The Last Halloween (1991)

By 1991, the half hour Halloween special was a dying breed, as home video sales made it a better bet for companies to make feature length specials (which were an easier sell than shorts in the stores - half hour specials are almost padded with other cartoons on VHS releases) . But Hanna Barbara made a stab at one with this - "The Last Halloween," one of very few such specials to feature space aliens. William Hanna himself does the narration. The special effects are terrific, but the whole thing is a bit of a mess, plot-wise. Plot holes are almost inevitable when you try to create a whole world and tell a story inside of it in 22 minutes, but in a superior special, they don't really bug me much. In this one, I found myself asking "what the hell?" a few too many times.

The young hero here is furious, for some reason, that his sister always wears the same costume for Halloween (it was made by her late mother). After nearly getting killed herself by a car after leaving her candy in the street (for some reason), the two kids are terrified by an old lady (Rhea Perlman) who warns them not to be seen trick or treating near her place that night. Naturally, she lives in a crumbling old Victorian manor.

Now, the town looks great. There are brown leaves and Halloween decorations and kids everywhere. Just watching it makes me thirsty for a good cup of cider. A few minutes in, it looks like we're in for a painstakingly standard "spooky old lady' special with above-average visuals. But then the flying saucer shows up.

After being teased with the saucer, we find out that the candy store owned by the kids' family is about to close, which will make this the last halloween in town (for some reason). But their grandfather, the owner, tells them that their late mother believed that anything could happen on Halloween (perhaps she was a fan of "The Worst Witch.")

Then come the aliens, which look ALMOST cgi. I'm very impressed. This special represents a colossal leap forward in special effects. Unfortunately, the special starts to go down hill, plot-wise, once they show up. As is fairly standard practice for ghosts and monsters in these things, they wander through the streets among people who assume they're just kids in costume. This guys do NOT look like kids in costumes. They look like miniature clay dinosaurs and talk like they were written by guys who wanted to steal some of the Ninja Turtles' thunder.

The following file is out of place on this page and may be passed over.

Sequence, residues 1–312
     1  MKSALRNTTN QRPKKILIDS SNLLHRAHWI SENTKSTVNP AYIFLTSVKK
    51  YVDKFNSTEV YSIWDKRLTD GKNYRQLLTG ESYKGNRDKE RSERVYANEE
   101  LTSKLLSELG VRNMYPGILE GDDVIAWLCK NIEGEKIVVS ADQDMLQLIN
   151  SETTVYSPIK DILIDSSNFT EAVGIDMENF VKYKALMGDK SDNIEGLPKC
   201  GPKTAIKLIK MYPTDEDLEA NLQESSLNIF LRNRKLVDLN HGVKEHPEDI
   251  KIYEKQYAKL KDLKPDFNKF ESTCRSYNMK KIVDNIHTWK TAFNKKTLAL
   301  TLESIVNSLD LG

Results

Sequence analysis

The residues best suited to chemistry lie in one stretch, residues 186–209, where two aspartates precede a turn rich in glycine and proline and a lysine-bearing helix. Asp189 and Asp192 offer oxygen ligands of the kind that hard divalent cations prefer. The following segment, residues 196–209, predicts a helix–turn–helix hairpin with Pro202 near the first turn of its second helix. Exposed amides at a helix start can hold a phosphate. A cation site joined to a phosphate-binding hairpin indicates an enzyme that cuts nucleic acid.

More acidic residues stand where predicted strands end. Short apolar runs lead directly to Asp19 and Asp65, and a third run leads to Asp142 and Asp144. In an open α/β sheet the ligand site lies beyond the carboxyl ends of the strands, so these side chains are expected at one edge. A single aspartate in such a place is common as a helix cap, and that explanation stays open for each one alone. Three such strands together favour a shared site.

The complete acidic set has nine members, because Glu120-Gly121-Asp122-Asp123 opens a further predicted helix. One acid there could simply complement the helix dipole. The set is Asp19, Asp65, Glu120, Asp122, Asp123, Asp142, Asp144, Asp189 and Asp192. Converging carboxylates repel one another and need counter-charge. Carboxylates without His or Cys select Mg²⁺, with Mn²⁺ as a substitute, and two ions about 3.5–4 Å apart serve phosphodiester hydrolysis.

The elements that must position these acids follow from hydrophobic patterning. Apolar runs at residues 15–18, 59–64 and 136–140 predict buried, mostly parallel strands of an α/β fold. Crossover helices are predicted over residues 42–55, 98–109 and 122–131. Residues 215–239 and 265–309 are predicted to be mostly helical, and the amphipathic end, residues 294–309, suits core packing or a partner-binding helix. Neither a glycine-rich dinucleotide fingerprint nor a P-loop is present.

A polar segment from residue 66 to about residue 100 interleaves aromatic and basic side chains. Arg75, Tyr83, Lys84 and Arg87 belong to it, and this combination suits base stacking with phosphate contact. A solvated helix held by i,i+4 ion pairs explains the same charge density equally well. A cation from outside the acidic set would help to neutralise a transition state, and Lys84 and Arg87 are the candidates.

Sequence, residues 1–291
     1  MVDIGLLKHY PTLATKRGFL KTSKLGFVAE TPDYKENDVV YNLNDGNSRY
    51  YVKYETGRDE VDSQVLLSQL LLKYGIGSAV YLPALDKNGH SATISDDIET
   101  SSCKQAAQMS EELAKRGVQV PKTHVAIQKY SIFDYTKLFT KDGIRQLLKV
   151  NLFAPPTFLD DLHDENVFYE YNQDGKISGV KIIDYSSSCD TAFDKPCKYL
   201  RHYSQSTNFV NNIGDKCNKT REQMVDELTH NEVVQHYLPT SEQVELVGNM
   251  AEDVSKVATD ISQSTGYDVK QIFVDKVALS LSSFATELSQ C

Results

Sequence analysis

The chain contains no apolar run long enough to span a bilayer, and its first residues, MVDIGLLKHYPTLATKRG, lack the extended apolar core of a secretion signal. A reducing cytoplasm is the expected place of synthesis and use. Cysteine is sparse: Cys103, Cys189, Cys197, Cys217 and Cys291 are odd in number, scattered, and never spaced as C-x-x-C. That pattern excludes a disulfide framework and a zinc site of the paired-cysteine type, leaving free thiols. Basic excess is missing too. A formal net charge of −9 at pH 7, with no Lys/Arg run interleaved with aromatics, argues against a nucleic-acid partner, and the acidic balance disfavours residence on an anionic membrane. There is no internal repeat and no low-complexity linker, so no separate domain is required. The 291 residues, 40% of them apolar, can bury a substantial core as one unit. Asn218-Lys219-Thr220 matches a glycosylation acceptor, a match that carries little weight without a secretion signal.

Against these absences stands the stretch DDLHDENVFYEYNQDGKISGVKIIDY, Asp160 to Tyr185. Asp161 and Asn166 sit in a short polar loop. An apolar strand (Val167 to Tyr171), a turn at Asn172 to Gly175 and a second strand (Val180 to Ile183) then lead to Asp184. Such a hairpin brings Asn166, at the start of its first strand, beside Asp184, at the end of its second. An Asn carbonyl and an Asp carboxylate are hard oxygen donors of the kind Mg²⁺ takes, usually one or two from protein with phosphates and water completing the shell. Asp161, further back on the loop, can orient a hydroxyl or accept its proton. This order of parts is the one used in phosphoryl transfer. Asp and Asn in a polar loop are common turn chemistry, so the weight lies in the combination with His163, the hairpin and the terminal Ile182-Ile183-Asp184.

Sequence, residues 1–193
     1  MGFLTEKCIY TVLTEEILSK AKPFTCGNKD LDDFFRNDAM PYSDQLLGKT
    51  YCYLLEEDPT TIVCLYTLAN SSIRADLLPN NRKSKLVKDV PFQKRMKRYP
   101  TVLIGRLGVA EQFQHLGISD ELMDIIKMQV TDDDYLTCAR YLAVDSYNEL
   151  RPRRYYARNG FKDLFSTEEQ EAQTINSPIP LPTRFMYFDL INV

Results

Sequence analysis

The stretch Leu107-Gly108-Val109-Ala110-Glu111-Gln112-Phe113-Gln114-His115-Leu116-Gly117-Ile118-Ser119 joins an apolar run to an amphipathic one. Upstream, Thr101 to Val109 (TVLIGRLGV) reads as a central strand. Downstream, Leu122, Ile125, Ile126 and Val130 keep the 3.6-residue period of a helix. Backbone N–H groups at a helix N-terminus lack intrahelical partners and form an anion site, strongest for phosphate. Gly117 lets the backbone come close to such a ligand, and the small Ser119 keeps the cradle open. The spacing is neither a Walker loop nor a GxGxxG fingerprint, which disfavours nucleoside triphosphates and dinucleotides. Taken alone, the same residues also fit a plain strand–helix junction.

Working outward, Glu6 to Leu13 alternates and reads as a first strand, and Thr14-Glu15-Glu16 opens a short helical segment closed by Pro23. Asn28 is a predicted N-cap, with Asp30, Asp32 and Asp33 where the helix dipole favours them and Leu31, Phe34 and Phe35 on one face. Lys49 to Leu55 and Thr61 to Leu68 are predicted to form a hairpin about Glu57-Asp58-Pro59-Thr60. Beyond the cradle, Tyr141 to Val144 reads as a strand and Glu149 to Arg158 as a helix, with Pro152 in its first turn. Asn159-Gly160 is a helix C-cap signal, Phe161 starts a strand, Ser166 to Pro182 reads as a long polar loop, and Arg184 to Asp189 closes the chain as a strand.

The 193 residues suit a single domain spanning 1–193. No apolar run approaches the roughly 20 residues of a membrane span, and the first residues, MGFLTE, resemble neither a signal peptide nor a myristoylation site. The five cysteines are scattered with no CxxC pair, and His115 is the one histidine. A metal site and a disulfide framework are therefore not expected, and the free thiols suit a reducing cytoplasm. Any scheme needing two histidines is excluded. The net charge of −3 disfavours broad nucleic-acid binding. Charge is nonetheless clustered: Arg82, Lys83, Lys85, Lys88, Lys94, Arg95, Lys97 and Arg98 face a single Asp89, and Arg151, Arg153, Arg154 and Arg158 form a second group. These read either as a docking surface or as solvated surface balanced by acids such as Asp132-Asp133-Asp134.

The martians have come to collect candy. They help the kids to save Halloween, both from the candy company closure AND the creepy old lady (who, at least, turns out to be just as creepy as she seems, though she doesn't get enough screen time for me to figure out what the point of having her around was or what the deal was with her, other than wanting to write in a part for Rhea Perlman).

This probably SOUNDS awful. And in some ways, it is - every time anyone mentions the dead mother, you can prepare yourself for a really sappy speech about motherhood. "Mothers are more beautiful than fairies." Stuff like that. (The punch line here should be "until they become mothers-in law!" Am I right, stand-up comedians from the 1950s?).

However, if you can ignore the bad parts, there are plenty of genuinely funny moments here - even the line about fairies sets the martians up to think a boy dressed as a fairy (for some reason) must be a mother. People who saw it in the early 90s remember it fondly, and kids today would probably enjoy it if they were to release it on DVD. Even as an adult watching it for the first time, I got a kick out of it, despite its' myriad problems. This is not one of those specials you'll track down only to marvel at how easily amused you were in 1991. It's very much a "kids" show, but there's no shame in that. Outside of the sappy stuff (did they plan to make this both a special for Halloween AND Mother's Day?), the worst I can really say is that this whole story feels rather rushed - I would have liked to see more of the creepy old lady and get a better feel for her backstory, motivations, and all of that. It's a shame it wasn't an hour long - and there are plenty of specials I wouldn't say that about. Some of them could've stood to be a lot SHORTER.

This was REALLY rare for years, as it was never released on video. Thank goodness for youtube!


Seamus Stimpson said...

Brilliant blog you've got here Adam. It takes me back and gives me that wonderful warm nostalgia that few things do.
Keep it up and I'll be sure to keep following.

Sakata said...

This also ran with a promotion via Mars candy.
I remember advertisementsin children magazines that featured the aliens before the special actually aired.

Anonymous said...

I loved this movie as a kid.

Anonymous said...

I just had to say thank you. I have been looking for any info on this tv movie for years. I had the costume of Beeper(yellow alien) when I was a child. And I haven't been able to find anything but this page with any clips, pics, or even the name of the movie.

Anonymous said...

"Then come the aliens, which look ALMOST cgi."

From what I looked up, the movie did use cgi-effects.

Heather said...

I emailed CBS to see if they can play it this year. Maybe if a lot of people bug them, they're air it. :-)


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